Hi @confused77 I am sorry that your daughter (and you) are going through this, and glad that you are reaching out to find solutions. I would also recommend what @sharonvogel recommended, to keep a diary and take it to a reputable OBGYN or Endocrinologist. Not pleasant, but please also consider taking a photo of the “findings” reported by your daughter (in toilet bowl, and on tampon) so that your medical team can “see” exactly what she’s talking about. If she does have PCOS and your OBGYN has not offered suggestions on lifestyle methods of treatment and/or meds, you might consider seeing an Endocrinologist (ask reservation staff if they are experienced in treating PCOS–some specialize in diabetes or other conditions).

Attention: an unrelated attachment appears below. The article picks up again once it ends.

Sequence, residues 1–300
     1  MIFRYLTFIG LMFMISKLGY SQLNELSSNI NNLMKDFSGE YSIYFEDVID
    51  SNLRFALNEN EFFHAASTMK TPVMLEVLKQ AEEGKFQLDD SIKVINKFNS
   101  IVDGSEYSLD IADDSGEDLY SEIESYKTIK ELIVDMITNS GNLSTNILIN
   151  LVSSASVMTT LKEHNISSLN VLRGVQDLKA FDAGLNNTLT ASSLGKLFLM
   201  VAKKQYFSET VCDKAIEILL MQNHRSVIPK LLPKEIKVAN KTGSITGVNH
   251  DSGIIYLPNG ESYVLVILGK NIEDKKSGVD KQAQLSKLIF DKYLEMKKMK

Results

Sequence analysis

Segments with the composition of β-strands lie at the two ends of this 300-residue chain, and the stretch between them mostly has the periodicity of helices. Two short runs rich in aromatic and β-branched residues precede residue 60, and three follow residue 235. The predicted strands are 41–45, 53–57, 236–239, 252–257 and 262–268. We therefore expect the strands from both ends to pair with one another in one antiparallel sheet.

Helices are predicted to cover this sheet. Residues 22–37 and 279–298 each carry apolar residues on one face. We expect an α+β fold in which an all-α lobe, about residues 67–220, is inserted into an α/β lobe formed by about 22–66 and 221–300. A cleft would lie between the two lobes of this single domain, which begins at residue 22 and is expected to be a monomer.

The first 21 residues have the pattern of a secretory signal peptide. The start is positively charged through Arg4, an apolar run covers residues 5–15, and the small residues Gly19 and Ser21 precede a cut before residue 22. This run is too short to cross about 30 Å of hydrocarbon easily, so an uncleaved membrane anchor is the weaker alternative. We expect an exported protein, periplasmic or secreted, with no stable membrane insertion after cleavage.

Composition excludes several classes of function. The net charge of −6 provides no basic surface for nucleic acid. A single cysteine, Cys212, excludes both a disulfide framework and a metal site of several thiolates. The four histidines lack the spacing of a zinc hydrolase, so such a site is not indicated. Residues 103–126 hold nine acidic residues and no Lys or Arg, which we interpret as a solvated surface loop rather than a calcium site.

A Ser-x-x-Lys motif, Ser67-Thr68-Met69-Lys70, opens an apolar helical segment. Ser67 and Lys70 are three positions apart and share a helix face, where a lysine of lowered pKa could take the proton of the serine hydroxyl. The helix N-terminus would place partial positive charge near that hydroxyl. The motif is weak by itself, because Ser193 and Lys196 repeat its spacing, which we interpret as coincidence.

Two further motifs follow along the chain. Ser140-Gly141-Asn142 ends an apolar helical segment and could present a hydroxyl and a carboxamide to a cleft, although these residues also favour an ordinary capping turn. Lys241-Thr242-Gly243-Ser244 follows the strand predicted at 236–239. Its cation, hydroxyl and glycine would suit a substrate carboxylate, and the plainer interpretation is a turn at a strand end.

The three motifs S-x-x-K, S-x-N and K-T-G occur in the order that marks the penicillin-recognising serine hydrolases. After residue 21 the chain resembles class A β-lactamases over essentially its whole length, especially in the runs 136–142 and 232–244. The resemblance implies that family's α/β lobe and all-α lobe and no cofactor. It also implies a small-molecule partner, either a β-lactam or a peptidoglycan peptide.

I was diagnosed with PCOS while in college as a results of being referred to an Endo by the Infirmary nurse; I had symptoms since I was 11 years old. It can be manageable for many, depending upon the hormonal status and causes. Endo suggested that I lose weight, suggesting that my excess “body hair” would likely fall out, acne would clear up, and “periods” would be more normal and tolerable. It was TRUE! I have been able to keep my symptoms in check (except for hormonal migraines) for many decades by eating a high fiber diet (watching calories) and getting plenty of aerobic exercise (which also is a mood enhancer). I also have thyroid disorders (autoimmune hashimotos thyroiditis with hypothyroidism) which were not diagnosed for many decades. In both cases (PCOS, and hashimotos thyroiditis), endocrinologists helped me the most. Not that the others did not care, just that these issues are a small percent of what they encounter clinically versus the Endocrinologists. I hope you and your daughter can find help and that she will feel better soon.